Unfortunately, the contemporary field of communication scholarship still seems rather reluctant to give due regard to the 'philosophical' school of communication. Instead, there appears to be a distinctly growing division between two academic groups, one that feels the field of communication scholarship needs to be de-westernized as early as possible and the other that feels that de-westernization is nothing but a spin-off of the pangs of post-colonialism. Amidst all this chaos, communication scholarship as a whole has been the greatest loser.
We find ourselves in a strange position where the existing communication approaches need to be revisited as communication is now extended further to include mass-line and mass-self communication which challenge existing notions of communication. The limit of natural human communication is also getting extended. Yet we are unable to make much headway owing to a number of reasons. First, there is the constant apprehension of ideological resistance being offered by one or the other groups in accepting the other’s views. Secondly, little effort has been actually made by scholars to understand the Asian philosophical traditions in the communication perspective. Thirdly, little regard is given to an understanding of the Asian perspectives of communication by communication institutions even in Asia. The situation remains almost no different in the Indian context with the possible exception of a few institutions. The last and the most important aspect is to get expanding functionality of communication reflected, interpreted and theorized in scholarly works.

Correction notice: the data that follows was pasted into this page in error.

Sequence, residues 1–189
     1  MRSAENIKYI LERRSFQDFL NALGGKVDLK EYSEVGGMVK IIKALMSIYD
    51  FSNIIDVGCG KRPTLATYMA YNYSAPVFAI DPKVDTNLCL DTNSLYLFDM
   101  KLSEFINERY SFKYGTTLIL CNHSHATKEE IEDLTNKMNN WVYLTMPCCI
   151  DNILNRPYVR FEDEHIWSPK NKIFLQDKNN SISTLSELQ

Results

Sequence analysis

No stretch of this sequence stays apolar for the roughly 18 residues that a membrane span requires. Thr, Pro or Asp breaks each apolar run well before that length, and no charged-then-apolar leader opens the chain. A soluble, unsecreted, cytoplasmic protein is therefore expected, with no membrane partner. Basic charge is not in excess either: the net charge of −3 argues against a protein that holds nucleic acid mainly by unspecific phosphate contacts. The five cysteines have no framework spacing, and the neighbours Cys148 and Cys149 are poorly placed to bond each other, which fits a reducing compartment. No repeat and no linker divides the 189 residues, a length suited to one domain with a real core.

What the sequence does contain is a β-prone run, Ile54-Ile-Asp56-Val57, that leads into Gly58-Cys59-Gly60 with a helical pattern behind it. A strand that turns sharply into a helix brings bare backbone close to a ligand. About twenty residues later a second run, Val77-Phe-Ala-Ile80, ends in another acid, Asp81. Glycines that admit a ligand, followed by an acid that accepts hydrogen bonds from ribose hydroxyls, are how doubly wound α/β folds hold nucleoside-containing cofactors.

It is in this backdrop that the present convention provides a platform to scholars to contribute towards building the scholarly field of communication with insights from India, other countries of Asia and the West. It is hoped that the contributions shall help in narrowing the chasm between the oriental and occidental approaches to communication scholarship rather than widening it any further.
Purpose of the Conference
The conference will provide a platform to the participants for deliberating on the various aspects mentioned in preceding paragraphs and presenting innovative thoughts and factual insights befitting the purpose. It shall, thereby, seek to prepare the ground of emerging communication understanding in the new millennium by tapping into the indigenous knowledge pool of India, Asia and the West.
Key Areas of Deliberation
Keeping in consonance with the broad theme, the conference would focus on deliberations related to any one or more of the following sub-themes:
a) Exploring paradigm shift in understanding communication reality of the new millennium
b) Addressing the westernization versus de-westernization debate
c) Exploring contradictions between Indian and Judeo-Christian ethics and morality in media production and profession
d) Exploring classical Asian/ Indian texts towards communication theorizing and practice
e) Exploring the Asian/ Indian philosophical, religious, ritualistic and folkloristic traditions for communication perspective building
f) Deliberating on the need for revisiting ‘Communication Studies’ in the Asian/ Indian perspective
Call for Papers
Research papers are invited on any one or more of the following premises:
Ø Perspective Building: Exploring possibilities of communication theorizing in different perspectives.
Ø Historical Studies: From ancient, medieval and modern Asia/ India bearing relation to any one or more of the six sub-themes
Ø Grass-root Studies: Perception and action studies on any one or more of the six sub-themes
Ø Case Studies: In depth case studies or meta-analysis of earlier works
Who can participate?